A political party by any other name...
What's in a name? Quite a lot, apparently, if you are a member of the Northern Ireland Assembly.
Jim Allister, MLA for North Antrim, has informed Speaker William Hay he wanted Northern Ireland to be described solely as Northern Ireland in assembly debates.
The Traditional Unionist Voice member was responding after being told to avoid "personalising remarks" when referring to assembly colleagues and their parties.
Mr Allister had been chided by the speaker last week for his somewhat unparliamentary reference to Sinn Fein MLA Gerry Kelly as "Bomber" Kelly, a reference to the North Belfast member's conviction for blowing up the Old Bailey during the Troubles.
His refusal to utter the words "Sinn Fein'' without adding the suffix "IRA," has also caused irritation amongst some members.
Martin McGuinness was believed to be another target for Mr Allister's ire when the TUV leader complained: "We are denied the opportunity to debate that proposition, particularly in circumstances where one of those is a self-confessed terrorist commander."
Mr Hay, serving a second consecutive term as speaker, was moved to remind members of parliamentary etiquette.
"Members will know that I was very strong on that issue in the house in the last mandate," he said.
"When members rise in their place to address the house, they certainly should not personalise remarks to any other member.
"Also, when it comes to referring to political parties in the chamber, political parties should be known and referred to as what they are registered as with the assembly. I do not want members tagging names on to political parties in the house."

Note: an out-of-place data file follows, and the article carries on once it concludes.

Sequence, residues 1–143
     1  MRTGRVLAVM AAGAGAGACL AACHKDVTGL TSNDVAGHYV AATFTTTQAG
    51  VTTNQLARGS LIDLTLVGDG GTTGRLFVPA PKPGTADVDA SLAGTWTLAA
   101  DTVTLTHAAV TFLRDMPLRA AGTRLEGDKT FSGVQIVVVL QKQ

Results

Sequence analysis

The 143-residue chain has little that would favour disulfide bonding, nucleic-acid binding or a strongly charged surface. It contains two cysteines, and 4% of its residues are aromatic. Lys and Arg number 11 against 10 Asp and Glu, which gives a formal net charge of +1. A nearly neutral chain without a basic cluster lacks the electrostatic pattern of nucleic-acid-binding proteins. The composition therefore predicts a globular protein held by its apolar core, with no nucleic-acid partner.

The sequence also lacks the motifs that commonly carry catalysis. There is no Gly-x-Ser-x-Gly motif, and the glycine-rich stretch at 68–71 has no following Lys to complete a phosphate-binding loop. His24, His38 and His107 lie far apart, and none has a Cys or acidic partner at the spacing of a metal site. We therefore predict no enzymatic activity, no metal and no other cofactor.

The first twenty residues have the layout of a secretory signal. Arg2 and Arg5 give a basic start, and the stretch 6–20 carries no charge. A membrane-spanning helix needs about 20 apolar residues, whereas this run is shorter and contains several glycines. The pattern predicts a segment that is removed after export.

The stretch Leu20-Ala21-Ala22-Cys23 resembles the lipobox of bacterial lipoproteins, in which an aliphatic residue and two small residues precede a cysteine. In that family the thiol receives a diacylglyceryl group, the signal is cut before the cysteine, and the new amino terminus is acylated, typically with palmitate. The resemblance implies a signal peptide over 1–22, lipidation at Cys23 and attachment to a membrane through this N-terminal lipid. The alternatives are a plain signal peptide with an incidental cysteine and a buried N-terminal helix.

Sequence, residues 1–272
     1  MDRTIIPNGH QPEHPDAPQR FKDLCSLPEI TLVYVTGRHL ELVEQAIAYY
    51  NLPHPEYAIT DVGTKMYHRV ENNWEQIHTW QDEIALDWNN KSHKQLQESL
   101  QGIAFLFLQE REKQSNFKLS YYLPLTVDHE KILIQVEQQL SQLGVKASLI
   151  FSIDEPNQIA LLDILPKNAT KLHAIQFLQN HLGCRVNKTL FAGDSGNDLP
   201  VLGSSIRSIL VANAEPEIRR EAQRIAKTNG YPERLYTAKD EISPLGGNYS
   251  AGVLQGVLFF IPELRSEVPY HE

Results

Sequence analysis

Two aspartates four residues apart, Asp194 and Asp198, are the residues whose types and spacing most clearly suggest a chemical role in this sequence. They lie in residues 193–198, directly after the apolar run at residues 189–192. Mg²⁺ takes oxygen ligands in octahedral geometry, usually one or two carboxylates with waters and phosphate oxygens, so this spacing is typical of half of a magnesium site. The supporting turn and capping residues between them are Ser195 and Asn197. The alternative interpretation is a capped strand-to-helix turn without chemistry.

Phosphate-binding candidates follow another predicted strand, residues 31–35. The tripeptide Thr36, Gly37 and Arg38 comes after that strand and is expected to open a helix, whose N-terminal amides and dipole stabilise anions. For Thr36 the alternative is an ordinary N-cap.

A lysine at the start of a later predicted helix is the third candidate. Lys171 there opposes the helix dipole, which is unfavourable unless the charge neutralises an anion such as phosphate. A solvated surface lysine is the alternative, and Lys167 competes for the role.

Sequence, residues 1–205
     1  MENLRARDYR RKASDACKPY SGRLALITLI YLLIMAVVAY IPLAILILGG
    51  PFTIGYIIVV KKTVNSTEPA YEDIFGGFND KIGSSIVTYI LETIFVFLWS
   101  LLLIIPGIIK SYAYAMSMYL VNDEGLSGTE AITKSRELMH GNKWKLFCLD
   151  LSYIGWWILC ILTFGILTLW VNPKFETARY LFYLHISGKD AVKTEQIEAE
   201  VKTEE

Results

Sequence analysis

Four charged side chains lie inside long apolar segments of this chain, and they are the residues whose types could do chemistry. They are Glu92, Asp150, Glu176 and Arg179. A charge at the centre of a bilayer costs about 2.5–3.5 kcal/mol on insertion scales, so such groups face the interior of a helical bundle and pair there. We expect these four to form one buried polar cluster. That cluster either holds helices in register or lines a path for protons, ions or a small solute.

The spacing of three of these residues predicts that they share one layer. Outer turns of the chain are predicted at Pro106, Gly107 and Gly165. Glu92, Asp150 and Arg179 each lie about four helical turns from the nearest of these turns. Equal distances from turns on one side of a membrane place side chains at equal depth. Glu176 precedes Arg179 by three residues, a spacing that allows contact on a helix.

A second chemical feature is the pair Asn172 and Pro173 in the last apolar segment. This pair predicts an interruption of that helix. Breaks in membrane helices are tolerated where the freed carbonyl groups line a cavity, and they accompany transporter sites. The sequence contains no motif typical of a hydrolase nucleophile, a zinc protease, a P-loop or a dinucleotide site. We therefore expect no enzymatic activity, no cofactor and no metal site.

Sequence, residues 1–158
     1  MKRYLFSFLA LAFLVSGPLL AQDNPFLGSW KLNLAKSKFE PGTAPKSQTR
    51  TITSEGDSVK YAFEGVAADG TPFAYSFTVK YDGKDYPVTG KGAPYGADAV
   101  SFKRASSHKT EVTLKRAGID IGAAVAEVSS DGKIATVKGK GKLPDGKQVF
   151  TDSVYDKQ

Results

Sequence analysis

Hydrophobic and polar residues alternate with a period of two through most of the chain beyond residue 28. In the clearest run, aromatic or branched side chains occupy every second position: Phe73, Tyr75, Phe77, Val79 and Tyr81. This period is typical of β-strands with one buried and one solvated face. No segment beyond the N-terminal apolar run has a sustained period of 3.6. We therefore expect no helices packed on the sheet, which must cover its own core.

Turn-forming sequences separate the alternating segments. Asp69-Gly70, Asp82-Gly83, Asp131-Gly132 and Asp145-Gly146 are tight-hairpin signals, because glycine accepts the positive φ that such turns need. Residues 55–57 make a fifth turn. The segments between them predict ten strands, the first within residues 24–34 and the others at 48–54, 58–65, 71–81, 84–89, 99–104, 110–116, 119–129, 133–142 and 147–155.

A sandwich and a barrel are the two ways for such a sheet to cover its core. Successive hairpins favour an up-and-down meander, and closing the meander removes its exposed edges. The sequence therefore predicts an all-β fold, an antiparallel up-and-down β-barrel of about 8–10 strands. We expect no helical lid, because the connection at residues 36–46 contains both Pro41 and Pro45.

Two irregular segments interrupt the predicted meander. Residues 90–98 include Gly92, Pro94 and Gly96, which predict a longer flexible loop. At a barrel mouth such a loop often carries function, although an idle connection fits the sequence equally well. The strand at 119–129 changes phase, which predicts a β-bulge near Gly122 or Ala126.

Mr Allister, however, refused to be silenced and, in a change of tack on Monday, he demanded that in debates Northern Ireland be referred to only as Northern Ireland.
This was taken to be a reference to the inclination of some members to use terms such as, the "six counties," "the north" and the "north of Ireland".
Mr Allister told the speaker: "Last Monday, at the beginning of proceedings, you gave direction on the use of proper names.
"In light of that ruling, I invite you to consider the logical and necessary extension of that approach to references in this house to the state of Northern Ireland so that the proper name - namely that of Northern Ireland - is used on all occasions.
"If it is right to use proper names in respect of parties and what are perceived to be their proper names and in respect of individuals, is it not also necessary to use the proper name 'Northern Ireland' rather than the slights and slurs that are used so often?
"I ask you to consider that and rule upon it."
Mr Hay was not to be rushed into a decidsion and reiterated his points from the previous week.
"On the other issues that the member mentioned," he said, "let me take them away, consider them and come back to the member."